Savoury bread and butter pudding with fig and chilli jam
I have a soft corner for day-old breads. Especially if they are organic and made with whole wheat flour. With time, day-old loaves develop a beautiful crustiness on the outside. These work perfectly when turned into puddings and that’s why I let my bread sit in the fridge for days when a pudding is on my mind.
For me, bread pudding is comfort food. Be it rich with chocolate or plain pudding infused with Tahitian vanilla extract – if it is cooked well, it never fails to warm you up.
Though dessert puddings are my weakness, this time I gave the conventional recipe a miss and went for something more daring. The result was a savoury bread pudding. Buttery, with a brown glow, filled with finely chopped veggies, topped with a spicy fresh fruit jam. Continue reading →
Charcoal crackers topped with sumac spiced chickpeas and Turkish cacik
Gourmet food stores make my heart melt. The reaction at spotting one is similar to what shopaholics experience at the sight of the word ‘sale’. I rush inside and grab a whole lot of things I know nothing about.
At a recent trip, I bagged a box of charcoal crackers. The way dill crackers are laced with dill and chive with chives, these are flavoured with a small percentage of charcoal powder.
The salty, slim sheets are stark black in colour and have a carbony bite. Their texture is similar to a pie shell – brittle and crumbly.
Though the crackers went miraculously well with blobs of brie, I couldn’t resist this little adventure. Continue reading →
First things first. I’m happy (actually euphoric) to share with my readers that I’m now a blogger for Vogue, India. Last week, I got an invitation from their team to join the website’s blogger programmee. In true Vogue style, the girls sent me a few badges to choose from (in case something didn’t co-ordinate with my website’s background). I picked the one in brilliant yellow and just like that, I am now a blogger for Vogue.
Because all good things are incomplete without chocolate, I made something to for us to celebrate with.
Ferrero Rocher is something that I’ve been obsessed with ever since I school. When visiting cousins got me a box of this spherical chocolate from abroad, I made frequent trips to the refrigerator under the guise of drinking cold water. And within a day or two, a box of sixteen would magically disappear.
Now, Rochers are easily available in my city, but I still feel that joy when I throw open the golden, crinkled wrapper. The whoosh of hazelnut cream is almost addictive and I always secretly wished that it came with a little more.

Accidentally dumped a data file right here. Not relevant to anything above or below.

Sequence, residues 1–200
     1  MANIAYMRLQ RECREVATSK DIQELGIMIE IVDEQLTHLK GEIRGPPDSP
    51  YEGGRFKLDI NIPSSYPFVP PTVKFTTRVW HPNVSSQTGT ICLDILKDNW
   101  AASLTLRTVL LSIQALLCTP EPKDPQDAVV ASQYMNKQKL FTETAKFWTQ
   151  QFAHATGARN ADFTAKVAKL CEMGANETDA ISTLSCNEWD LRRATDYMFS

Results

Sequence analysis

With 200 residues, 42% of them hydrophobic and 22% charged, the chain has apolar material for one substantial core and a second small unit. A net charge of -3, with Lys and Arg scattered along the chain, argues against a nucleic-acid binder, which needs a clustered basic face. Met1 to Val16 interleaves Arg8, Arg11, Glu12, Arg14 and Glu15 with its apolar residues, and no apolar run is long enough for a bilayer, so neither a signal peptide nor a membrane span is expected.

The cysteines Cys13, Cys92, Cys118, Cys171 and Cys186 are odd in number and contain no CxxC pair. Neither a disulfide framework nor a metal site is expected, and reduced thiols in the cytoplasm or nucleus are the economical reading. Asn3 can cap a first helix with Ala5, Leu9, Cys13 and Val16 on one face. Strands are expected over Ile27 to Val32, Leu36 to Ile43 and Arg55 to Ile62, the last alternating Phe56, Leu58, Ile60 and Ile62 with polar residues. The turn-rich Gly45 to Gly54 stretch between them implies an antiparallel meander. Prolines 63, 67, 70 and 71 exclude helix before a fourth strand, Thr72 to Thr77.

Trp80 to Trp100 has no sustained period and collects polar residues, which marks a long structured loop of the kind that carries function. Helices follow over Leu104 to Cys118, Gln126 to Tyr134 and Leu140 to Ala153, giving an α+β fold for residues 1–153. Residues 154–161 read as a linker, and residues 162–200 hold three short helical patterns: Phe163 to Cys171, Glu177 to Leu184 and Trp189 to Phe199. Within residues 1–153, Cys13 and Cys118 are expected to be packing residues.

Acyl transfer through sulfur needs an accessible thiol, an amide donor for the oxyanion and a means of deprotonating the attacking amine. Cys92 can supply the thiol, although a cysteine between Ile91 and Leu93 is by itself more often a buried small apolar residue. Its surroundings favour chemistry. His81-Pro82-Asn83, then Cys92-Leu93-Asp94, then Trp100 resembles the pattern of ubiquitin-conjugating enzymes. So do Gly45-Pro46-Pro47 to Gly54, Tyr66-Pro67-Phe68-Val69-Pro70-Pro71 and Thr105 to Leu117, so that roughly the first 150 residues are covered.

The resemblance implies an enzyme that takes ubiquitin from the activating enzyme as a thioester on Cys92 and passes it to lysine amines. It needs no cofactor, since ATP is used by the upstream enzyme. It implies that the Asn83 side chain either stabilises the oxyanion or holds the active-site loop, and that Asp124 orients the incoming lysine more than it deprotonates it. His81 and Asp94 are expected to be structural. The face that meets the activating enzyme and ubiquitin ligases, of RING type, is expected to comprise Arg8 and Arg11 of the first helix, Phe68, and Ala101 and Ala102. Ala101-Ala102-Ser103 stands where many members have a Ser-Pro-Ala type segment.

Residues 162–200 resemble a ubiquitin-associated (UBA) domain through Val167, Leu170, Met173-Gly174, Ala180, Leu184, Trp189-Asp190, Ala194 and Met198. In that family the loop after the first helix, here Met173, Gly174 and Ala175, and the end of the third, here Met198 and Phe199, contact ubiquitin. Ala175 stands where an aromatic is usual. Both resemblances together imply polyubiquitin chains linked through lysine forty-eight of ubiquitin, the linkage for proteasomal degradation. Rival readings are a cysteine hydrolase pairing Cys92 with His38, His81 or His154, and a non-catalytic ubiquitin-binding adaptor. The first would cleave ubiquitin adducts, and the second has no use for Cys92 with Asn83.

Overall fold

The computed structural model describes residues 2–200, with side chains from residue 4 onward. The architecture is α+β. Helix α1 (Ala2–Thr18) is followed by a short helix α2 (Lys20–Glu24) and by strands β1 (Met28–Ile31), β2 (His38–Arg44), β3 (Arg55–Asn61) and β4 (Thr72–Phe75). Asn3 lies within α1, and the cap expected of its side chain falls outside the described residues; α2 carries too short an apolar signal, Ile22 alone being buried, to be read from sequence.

Today, I set my own Rochers in bar form and to fulfil that little wish (on a good day like this), I slathered them generously with smooth hazelnut cream. Continue reading →
Basil oil sprayed zucchini rolls stuffed with mint and pepper Greek yogurt
I have two rules when it comes to working with herbs. One is that I like to tear them roughly instead of chopping them up finely. I feel that this helps the flavours shine more brightly.
And second, I avoid mixing more than two herbs unless my recipe absolutely demands it. What would a Thai green curry be if I had to choose between lemon grass and kafir lime leaves?
Since most herbs have a strong flavour of their own, it would be unfair to cut it down with something equally strong. Today, while making a cold appetizer, I let go my rule number two and mixed together mint and basil. Since the recipe uses just one herb at a time and does not muddle them together, the sweetness of the basil and the coolness from mint came out just right. Continue reading →
I like food that is well-spiced but not spicy. Whether I’m having Thai green curry or salad leaves drenched in chilli and lime dressing – I like the heat to be evenly distributed. It should hit me all together or not at all.
Recently, after having some warm bread sparingly sprinkled with Cajun spice, I was so impressed by this sharp spice, I decided to find the recipe.
Working with Cajun spice is a tricky job. If you use too much of it, the dish turns out salty and if you use too little, it turns out all bland. I tried various pairings (Cajun and potatoes, Cajun and tofu) before I hit it with Cajun and cottage cheese.
Since I completely trust Greek yogurt with fiery marinades, I indulged in the colour and flavour of this spice. The creamy-textured yogurt immediately cut down the overuse of my masala and worked overtime to calm down my panting taste buds.
To intensify the coolness, I served the Cajun spiced cottage cheese with a minty mayonnaise dip. Have a look Continue reading →